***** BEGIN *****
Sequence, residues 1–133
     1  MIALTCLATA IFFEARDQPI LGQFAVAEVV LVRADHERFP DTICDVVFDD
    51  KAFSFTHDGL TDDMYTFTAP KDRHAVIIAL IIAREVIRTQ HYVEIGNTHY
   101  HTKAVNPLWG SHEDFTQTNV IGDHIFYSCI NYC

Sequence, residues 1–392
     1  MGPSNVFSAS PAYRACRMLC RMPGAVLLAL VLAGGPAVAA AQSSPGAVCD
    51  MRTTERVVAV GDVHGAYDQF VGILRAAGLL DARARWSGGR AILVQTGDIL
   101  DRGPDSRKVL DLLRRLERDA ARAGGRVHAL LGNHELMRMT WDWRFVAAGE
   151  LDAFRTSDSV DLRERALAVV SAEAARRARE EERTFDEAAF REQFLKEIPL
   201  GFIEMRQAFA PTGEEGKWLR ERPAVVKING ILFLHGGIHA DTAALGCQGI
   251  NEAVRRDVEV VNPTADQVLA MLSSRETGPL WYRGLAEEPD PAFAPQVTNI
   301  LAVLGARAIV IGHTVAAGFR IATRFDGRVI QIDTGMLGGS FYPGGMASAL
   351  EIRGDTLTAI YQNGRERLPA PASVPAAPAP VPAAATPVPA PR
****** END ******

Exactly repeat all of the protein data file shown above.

Sequence, residues 1–133
     1  MIALTCLATA IFFEARDQPI LGQFAVAEVV LVRADHERFP DTICDVVFDD
    51  KAFSFTHDGL TDDMYTFTAP KDRHAVIIAL IIAREVIRTQ HYVEIGNTHY
   101  HTKAVNPLWG SHEDFTQTNV IGDHIFYSCI NYC

Sequence, residues 1–392
     1  MGPSNVFSAS PAYRACRMLC RMPGAVLLAL VLAGGPAVAA AQSSPGAVCD
    51  MRTTERVVAV GDVHGAYDQF VGILRAAGLL DARARWSGGR AILVQTGDIL
   101  DRGPDSRKVL DLLRRLERDA ARAGGRVHAL LGNHELMRMT WDWRFVAAGE
   151  LDAFRTSDSV DLRERALAVV SAEAARRARE EERTFDEAAF REQFLKEIPL
   201  GFIEMRQAFA PTGEEGKWLR ERPAVVKING ILFLHGGIHA DTAALGCQGI
   251  NEAVRRDVEV VNPTADQVLA MLSSRETGPL WYRGLAEEPD PAFAPQVTNI
   301  LAVLGARAIV IGHTVAAGFR IATRFDGRVI QIDTGMLGGS FYPGGMASAL
   351  EIRGDTLTAI YQNGRERLPA PASVPAAPAP VPAAATPVPA PR